Alison Miller, Katy Upperman, Jaime Morrow, and Erin Funk are once again hosting the summerlong Ready. Set. Write! initiative. Each week there will be a few headings, with short responses to allow for more writing time.
- How I did on last week’s goal(s)
I finished Chapter 86 of my WIP and am almost done with Chapter 87. Both are mid-length by my standards. Chapter 86, “Return to America,” which opens Part IV, ends in an upscale sheitel-macher (wig-maker)’s shop in Brighton Beach, Brooklyn. Darya and her friends want to look normal while their hair is growing back, instead of like premodern peasant women with scarves over their heads.
- My goal(s) for this week
Finish up Chapter 87 and move onto 88, title TBD. I omitted a few rather important events in the book’s timeline from my table of contents, so I started tinkering with that. This means I’m going to run over 100 chapters, but that’s not a crisis. Even if the book does go over 700K, it naturally worked out so that each Part reads like its own self-contained story, with a focus on different characters and storylines. They’re all ultimately connected, but if I published the book in four volumes for the print edition, it wouldn’t feel artificially split up or unresolved at all.
- A favorite line from my story OR a word or phrase that sums up what I wrote/revised
This is spoken by Vitya Zhirinovskiy at the welcome-back dinner for Darya and Oliivia in June 1945. Vitya is a survivor of the Holodomor, the deliberate famine which killed millions of Ukrainians, and ethnic Russians like Vitya who lived in Ukraine, from 1932-33. The memory of the Holodomor has had a profound impact on Vitya’s character, not just because of the famine, but also because he engraved all the headstones for the children at the orphanage where he and his sister Inna grew up.
“Eventually you’ll get used to having enough food at every meal,” Vítya says. “I still worry about going hungry and always take home leftovers, but I don’t eat so quickly anymore. I lived through a horrible famine in Ukraine when I wasn’t much older than you, and I’ve never forgotten how it feels to be so hungry you’d eat anything, and to be kept awake at night with a growling, screaming stomach. I had to step over dead bodies piled up in the streets on my way to try to find food, and had to engrave so many headstones for orphanage children who died. The memory of being hungry will always be a part of who you are, and don’t let anyone ever tell you otherwise.”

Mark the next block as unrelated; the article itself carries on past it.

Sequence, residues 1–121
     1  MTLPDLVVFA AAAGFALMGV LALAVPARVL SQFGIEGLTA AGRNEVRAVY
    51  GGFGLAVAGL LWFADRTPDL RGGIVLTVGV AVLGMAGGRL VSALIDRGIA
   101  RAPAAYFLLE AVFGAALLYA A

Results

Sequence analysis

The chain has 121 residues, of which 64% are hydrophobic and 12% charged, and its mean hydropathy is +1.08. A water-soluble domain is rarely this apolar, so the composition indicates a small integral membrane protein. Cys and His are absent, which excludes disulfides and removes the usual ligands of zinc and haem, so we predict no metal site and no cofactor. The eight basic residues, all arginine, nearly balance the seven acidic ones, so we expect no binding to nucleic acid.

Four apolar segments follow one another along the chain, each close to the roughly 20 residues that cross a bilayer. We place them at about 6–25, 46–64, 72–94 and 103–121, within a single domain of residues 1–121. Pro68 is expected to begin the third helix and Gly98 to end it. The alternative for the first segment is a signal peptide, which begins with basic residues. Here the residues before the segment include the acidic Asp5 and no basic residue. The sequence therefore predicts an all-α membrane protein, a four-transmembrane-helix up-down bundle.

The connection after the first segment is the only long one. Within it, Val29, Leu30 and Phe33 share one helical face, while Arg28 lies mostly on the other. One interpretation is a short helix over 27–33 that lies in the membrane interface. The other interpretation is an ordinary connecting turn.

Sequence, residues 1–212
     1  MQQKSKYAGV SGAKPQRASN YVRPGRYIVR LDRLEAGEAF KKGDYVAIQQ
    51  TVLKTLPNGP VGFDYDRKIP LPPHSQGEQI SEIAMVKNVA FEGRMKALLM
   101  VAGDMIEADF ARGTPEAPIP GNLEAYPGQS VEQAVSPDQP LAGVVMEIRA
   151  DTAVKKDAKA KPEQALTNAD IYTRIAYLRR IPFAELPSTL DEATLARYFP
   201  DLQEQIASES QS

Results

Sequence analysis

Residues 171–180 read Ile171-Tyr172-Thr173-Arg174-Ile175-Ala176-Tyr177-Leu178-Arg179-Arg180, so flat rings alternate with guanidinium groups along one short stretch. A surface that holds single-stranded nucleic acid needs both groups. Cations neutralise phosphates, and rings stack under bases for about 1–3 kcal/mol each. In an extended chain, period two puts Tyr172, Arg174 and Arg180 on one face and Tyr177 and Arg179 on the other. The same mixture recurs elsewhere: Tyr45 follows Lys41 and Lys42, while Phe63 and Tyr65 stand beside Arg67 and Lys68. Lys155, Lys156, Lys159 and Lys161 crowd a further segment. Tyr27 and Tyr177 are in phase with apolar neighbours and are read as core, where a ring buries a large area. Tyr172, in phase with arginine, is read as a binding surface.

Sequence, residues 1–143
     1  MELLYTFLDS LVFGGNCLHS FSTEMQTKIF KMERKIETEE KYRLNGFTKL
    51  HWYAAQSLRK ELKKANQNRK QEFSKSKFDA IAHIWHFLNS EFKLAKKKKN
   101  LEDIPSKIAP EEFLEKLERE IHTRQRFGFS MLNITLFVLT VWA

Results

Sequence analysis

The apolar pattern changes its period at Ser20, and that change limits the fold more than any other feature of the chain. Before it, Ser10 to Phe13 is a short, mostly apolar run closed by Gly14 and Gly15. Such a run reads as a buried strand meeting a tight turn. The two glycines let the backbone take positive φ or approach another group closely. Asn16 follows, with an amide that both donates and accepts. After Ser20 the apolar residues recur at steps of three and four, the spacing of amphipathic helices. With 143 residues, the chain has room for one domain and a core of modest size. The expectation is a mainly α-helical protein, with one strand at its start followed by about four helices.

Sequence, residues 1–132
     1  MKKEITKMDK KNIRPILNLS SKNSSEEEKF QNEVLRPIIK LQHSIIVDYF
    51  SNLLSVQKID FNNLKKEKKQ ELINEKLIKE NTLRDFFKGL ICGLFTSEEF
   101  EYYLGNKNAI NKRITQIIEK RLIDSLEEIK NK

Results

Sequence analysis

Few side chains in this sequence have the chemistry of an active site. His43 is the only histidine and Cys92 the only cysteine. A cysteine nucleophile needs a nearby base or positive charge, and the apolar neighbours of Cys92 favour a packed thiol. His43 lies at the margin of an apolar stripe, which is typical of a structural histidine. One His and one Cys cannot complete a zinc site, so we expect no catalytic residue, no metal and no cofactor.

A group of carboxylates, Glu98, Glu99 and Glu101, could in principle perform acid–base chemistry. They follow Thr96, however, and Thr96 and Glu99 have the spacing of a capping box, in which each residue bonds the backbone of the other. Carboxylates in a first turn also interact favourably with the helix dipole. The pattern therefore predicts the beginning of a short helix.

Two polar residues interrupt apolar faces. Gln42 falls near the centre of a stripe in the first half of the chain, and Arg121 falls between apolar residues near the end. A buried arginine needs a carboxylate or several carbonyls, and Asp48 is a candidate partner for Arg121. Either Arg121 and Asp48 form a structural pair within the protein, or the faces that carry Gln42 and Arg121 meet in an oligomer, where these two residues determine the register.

- The biggest challenge I faced this week
Deciding between Queens and Staten Island for the postwar relocation of several branches of the Zyuganov family. Both have very good points, and some lovely areas with real houses and wide open spaces. I finally decided to put Inessa’s family and Olga and Rustam’s family in Tottenville, Staten Island, and the families of my two former Marines in one of the suburbs of Eastern Queens. Each choice makes sense for each respective group, and plus I felt like Staten Island needs more attention and positive representation.
- Something I love about my WIP
Though it’s obviously a very dark point in history, I like how my Shoah chapters highlight some of the lesser-known persecuted groups—Poles, political prisoners, Americans abandoned by their own government. The Shoah was a uniquely Jewish tragedy, for reasons too long to get into here, and many people have a racist ulterior agenda to downplay its unique Jewish nature by going on about how non-Jews suffered too. However, I definitely feel the five million Gentiles who were murdered, and those who survived, need more representation in the Shoah narrative. Their stories matter too.
Believe it or not, more than a few Americans ended up in the camps. Many were obviously POWs (mostly Jewish, but not all), but others were like Darya and Oliivia, Americans living, working, or studying abroad, and unable to come home. Because of their American citizenship, they haven’t gotten nearly the reparations they deserve, nor has their tragedy been publicly acknowledged.